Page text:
I’m sure you will have seen ‘messy play’ sessions advertised by local toddler groups. Apart from ruining lovely outfits what is it that your child will get from messy/sensory play? What do they learn?
I have spent the past 10 years working as a Nursery Teacher and then as a Family Worker in-between having my own brood. I have studied and observed childhood development and it continues to fascinate me. There is something quite amazing about watching something click or a light bulb moment. You can almost see the cogs working.
As soon as a baby is born they begin to learn about the world using their senses. In terms of early development think about which senses are being used right in the very beginning. Experts advise skin to skin contact as soon as baby is born (touch). They recommend to breastfeed your baby as soon as you are able (taste and smell). Babies start to be able to hear sound in the 18th week of pregnancy so by the time they’re born they will recognise your voice or a familiar song. A baby’s eye sight is programmed for eye contact with them only being able to initially focus from boob to eye distance. The evidence that they use their senses early on is all there.
Without getting too technical, the more senses a child has engaged the more they learn and the more concrete the information they are processing becomes. Research shows that this helps a child to be able to complete more complex learning tasks.
As soon as a baby develops the coordination to bring their hand to their mouth they constantly have either their fingers or objects in their mouth. This is a very simple example of how they will naturally engage their senses. Taste is initially one of the strongest senses.
As children grow, sensory play provides the opportunity for so much more learning than just exploring. Think about the amount of language that they could be exposed to when talking about how something feels, tastes, looks etc. We know that the more we talk to our children the better and quicker their language develops.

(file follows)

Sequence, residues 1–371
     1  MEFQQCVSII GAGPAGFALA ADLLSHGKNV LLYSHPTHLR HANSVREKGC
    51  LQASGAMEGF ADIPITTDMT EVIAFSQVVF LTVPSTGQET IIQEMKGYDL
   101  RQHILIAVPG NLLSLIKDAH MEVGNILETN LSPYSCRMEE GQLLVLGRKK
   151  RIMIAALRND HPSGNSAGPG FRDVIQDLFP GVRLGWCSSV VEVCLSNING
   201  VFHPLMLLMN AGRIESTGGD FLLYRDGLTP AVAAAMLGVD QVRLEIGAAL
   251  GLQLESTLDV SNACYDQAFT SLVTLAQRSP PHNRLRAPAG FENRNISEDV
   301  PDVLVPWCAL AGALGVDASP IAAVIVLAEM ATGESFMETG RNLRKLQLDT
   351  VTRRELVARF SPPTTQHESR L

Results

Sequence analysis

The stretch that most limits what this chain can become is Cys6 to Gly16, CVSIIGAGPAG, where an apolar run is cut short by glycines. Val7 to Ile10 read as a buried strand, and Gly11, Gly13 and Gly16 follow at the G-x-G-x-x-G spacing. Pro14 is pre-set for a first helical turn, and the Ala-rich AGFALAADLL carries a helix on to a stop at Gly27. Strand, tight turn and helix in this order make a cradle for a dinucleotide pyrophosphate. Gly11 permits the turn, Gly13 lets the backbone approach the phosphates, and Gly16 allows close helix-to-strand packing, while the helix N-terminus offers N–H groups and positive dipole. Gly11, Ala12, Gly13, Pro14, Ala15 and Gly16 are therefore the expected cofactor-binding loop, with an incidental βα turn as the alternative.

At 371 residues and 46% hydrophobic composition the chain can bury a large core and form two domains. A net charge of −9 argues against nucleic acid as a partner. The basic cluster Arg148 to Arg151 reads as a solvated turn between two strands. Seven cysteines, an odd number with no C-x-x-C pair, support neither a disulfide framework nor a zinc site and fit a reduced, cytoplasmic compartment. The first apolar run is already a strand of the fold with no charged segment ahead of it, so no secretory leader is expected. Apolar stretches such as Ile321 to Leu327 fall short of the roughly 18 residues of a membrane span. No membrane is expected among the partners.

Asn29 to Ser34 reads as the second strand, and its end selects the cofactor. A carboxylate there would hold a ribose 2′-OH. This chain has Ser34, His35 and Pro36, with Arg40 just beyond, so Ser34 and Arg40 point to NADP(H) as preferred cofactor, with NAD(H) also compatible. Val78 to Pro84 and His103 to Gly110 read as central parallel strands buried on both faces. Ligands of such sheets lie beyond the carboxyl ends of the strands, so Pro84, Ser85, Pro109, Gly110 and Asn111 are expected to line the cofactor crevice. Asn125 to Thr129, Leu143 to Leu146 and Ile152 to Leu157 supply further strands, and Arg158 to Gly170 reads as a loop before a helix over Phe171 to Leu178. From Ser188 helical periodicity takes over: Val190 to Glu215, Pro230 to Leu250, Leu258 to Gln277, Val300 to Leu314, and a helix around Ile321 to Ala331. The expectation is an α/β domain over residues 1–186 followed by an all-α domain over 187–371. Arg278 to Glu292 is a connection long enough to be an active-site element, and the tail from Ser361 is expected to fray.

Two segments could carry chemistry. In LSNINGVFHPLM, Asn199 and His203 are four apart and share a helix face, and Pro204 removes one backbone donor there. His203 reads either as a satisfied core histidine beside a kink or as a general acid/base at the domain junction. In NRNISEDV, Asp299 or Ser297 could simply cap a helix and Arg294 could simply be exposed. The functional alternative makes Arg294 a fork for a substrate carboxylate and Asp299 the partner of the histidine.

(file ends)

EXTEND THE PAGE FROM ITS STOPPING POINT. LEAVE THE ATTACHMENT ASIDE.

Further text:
A child’s ability to problem solve is supported with sensory play as there is no right or wrong way to do it. The best way of explaining this is to use a shape sorter as an example. There is one purpose to this toy, to fit the correct shapes in the correct holes. This itself is problem solving and I believe there is still a place for these types of toy however it doesn’t support a child’s natural curiosity to explore. When children are given objects to play with that don’t have a ‘purpose’ their exploratory nature really comes into play. What happens if I put this in there? Does this fit in here? What sound does this make? You can watch this process when a baby bangs two objects together then repeats the process when they realise the outcome. I was watching Reggie play with one of the girls’ bracelet the other day. He shook it, pulled it,banged it on the floor, tried to pull one of the beads off using his fingers and he gave it a taste.
I won’t go too much into fine and gross motor skills but both play a huge part in your child’s ability to write later on. You wouldn’t think learning to do the monkey bars would help their writing but it does. The big movements are just as important as the small ones.
Sensory play can be FANTASTIC for children with additional needs, but can also really help with a child who is anxious. What calms you? Whether it be a hot bath, calming music or a massage; these are all a types of sensory experience.
There are sensory experiences to be had in everything you do. So, roll your sleeves up and get stuck in. Watch that little brain work things out.